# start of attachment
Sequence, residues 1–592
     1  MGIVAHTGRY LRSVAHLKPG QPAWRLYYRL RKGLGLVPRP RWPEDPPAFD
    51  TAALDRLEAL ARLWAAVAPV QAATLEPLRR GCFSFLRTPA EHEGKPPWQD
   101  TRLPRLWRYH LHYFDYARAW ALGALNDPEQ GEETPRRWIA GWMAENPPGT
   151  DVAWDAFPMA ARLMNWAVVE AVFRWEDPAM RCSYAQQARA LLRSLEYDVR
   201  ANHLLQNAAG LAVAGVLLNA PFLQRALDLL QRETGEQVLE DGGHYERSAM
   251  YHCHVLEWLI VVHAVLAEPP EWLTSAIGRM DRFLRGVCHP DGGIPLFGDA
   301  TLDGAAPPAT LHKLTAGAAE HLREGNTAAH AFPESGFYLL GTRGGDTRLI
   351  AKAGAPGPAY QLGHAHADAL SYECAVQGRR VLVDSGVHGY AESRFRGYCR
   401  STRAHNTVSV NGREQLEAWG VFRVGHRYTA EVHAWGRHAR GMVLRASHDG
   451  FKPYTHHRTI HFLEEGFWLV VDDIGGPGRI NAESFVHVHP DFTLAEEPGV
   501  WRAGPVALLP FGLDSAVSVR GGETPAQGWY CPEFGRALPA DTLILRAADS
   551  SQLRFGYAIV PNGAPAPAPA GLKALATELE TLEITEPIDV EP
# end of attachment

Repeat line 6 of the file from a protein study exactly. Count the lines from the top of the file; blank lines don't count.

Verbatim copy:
   201  ANHLLQNAAG LAVAGVLLNA PFLQRALDLL QRETGEQVLE DGGHYERSAM